Rudder, John Earl, Jr. [John Rudder and Doris Rudder v United States of America](born: 1924)
John Earl Rudder, Jr., born in Paducah, KY to John Sr. and Beatrice Copeland Rudder, was the first African American to receive a regular commission in the U.S. Marine Corps. He was a graduate of the Naval Reserve Officers' Training Corps. He had enlisted in 1943 and served with the 51st Defense Battalion.
Rudder was discharged in 1946 and enrolled at Purdue University, where he was awarded an NROTC midshipman contract. He received his commission in 1948, was appointed a 2nd Lieutenant, then sent to Marine Corps Basic School in Quantico, VA. Rudder resigned his commission in 1949; the resignation was handled quietly by the press and the Marine Corps. His commission had come at a time when the Marine Corps was being challenged about its segregation policies.
Rudder, his wife Doris, and their children settled in Washington, D.C., in 1952 living in a two-bedroom apartment in the Lincoln Heights Dwellings. John became a cab driver but had a hard time keeping a job and eventually was expelled from Howard University Law School.
In 1953, the Rudders were one of more than a million tenants of the federal housing projects required to sign the Certificate of Non-membership in Subversive Organizations. Families who refused to sign the certificate and refused to leave the premises were served with an eviction notice and a suit for possession. The Rudders filed suit against the action. The lower courts decided in favor of the National Capital Housing Authority [which managed property owned by the United States]. The Rudders filed an appeal; in 1955 the U.S. Court of Appeals in Washington affirmed a judgment for the Rudders, and the eviction notice was withdrawn.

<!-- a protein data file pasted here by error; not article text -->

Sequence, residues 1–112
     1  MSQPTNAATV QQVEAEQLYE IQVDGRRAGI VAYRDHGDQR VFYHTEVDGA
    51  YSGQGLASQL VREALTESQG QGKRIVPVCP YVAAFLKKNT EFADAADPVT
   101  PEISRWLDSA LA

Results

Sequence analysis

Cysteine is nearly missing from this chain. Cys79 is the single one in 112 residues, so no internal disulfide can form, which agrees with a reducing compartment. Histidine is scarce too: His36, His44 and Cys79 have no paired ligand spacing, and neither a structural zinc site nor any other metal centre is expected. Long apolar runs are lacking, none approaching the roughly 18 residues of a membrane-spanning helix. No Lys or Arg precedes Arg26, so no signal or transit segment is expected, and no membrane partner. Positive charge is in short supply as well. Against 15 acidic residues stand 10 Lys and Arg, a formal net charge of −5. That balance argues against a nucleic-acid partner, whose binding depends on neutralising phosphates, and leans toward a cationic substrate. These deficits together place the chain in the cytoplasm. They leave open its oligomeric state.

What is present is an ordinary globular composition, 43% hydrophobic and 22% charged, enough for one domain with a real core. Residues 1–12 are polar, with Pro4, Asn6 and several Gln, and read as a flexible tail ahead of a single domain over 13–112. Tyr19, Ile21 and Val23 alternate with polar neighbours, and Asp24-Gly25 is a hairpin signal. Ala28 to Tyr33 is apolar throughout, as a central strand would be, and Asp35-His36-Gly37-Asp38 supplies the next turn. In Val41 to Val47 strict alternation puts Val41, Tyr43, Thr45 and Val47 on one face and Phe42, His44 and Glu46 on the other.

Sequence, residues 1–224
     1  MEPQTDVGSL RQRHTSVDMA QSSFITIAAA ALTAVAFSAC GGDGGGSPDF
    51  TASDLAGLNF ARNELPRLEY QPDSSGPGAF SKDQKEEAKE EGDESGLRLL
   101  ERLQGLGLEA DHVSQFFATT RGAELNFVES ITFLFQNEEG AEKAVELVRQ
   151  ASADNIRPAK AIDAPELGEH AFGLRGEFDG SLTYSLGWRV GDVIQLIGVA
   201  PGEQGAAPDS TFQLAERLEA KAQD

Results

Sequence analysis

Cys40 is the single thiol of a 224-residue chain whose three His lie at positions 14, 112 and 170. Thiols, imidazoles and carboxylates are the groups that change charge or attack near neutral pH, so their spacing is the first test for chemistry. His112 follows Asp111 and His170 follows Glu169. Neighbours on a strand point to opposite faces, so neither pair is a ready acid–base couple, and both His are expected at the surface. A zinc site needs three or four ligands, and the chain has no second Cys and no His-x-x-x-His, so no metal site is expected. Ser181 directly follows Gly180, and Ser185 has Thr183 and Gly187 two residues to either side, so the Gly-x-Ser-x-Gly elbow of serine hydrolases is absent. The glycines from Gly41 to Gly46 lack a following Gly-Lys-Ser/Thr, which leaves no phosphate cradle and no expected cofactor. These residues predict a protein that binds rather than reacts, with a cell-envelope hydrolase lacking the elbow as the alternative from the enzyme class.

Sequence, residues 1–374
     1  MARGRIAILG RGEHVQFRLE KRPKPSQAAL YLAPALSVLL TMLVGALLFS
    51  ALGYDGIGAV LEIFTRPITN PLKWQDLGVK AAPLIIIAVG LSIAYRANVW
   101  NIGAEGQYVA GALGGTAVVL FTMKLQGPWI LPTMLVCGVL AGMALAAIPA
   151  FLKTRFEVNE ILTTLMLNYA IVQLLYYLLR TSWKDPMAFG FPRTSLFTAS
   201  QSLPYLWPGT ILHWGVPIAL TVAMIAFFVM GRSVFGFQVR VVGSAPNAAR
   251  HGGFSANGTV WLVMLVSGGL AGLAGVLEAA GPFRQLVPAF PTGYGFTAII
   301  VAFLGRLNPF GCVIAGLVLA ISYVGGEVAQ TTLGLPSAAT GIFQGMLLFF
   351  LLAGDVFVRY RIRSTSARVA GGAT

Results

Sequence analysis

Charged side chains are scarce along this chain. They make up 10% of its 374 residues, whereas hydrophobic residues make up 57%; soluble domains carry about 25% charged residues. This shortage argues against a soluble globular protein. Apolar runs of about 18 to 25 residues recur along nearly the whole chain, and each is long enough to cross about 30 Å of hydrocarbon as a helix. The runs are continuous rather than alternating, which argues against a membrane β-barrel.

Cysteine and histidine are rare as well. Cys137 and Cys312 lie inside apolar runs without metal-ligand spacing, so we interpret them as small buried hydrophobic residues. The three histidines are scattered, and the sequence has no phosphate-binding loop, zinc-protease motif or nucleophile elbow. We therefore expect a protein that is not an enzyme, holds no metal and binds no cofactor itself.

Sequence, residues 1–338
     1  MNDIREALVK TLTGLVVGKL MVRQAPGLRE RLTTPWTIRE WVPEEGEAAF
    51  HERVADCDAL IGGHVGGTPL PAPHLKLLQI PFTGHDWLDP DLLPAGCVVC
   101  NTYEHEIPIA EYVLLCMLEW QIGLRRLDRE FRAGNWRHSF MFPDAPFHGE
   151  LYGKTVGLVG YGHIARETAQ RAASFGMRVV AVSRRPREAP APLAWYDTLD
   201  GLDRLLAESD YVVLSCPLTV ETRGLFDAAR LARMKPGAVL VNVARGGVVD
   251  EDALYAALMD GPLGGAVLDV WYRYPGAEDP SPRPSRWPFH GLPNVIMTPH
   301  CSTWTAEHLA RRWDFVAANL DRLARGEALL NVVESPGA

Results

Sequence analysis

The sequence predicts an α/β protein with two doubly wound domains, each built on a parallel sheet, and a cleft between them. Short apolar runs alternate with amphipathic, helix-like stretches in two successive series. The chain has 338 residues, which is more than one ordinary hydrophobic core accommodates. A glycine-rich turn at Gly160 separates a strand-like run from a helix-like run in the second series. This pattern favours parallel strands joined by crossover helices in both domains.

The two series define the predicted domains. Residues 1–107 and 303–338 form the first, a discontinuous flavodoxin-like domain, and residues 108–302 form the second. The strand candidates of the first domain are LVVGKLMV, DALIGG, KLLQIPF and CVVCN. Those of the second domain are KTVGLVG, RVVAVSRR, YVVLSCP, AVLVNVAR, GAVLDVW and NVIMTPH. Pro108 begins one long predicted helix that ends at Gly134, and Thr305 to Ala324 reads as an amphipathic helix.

By 1967, the FBI had accumulated eight volumes of surveillance materials on the Rudders. John was labeled a Communist. The Rudders had participated in anti-discrimination and anti-war rallies, marches, and picket lines in front of downtown D.C. stores and restaurants. Rudder said that he had refused the FBI's offer to become a government informant.
John Rudder was a Quaker and his wife Doris was white and Jewish; they had five children. Their sons Eugene and Karl grew up to become activists. In 1977, their daughter Miriam was denied clearance by the FBI for a research aide position with the congressional committee investigating the assassinations of the Kennedys and Martin Luther King, Jr. The clearance was denied because of her parents' protest activities. In 1978, their daughter Beatrice became the first female firefighter in Washington, D.C.
John and Doris were also teachers and actors. John had appeared in the plays "Black Like Me" and "The Great White Hope." In 1981, two weeks before John and Doris were to appear in the play "Getting Out," they appeared on the television show 60 Minutes with their daughter Miriam to discuss what they saw as government harassment, including Miriam's employment denial.
For more see African Americans and ROTC, by C. Johnson; "The Postwar Marine Corps," chapter 10 of Integration of the Armed Forces 1940-1965, by M. J. MacGregor, Jr. [available online at Project Gutenberg]; John Rudder and Doris Rudder, Appellants v. United States of America, Appellee, No. 12313, 226 F.2d 51, 96 U.S.App.D.C. 329 [online at law.justia.com/; T. Morgan, "Family of 'Subversives' pays a high price," Washington Post, 4/06/1981, First section, p. A1; J. Lardner, "John and Doris Rudder," Washington Post, 3/15/1981, Style, Show, Limelight section, p. K3; and J. Stevens, "First woman dons uniform of District Fire Department," Washington Post, 4/06/1978, District Weekly D section, p. C5. See also the 60 Minutes transcript vol. XIII, no. 24, as broadcast over the CBS Television Network, Sunday, March 1, 1981 with Morley Safer, John Rudder, Doris Rudder, Miriam Rudder, and U.S. Representative Louis Stokes (1925-1996) - titled " 'Sins" of the Fathers...," pp. 6-11, at the Harold Weisberg Archive Digital Collection at Hood College.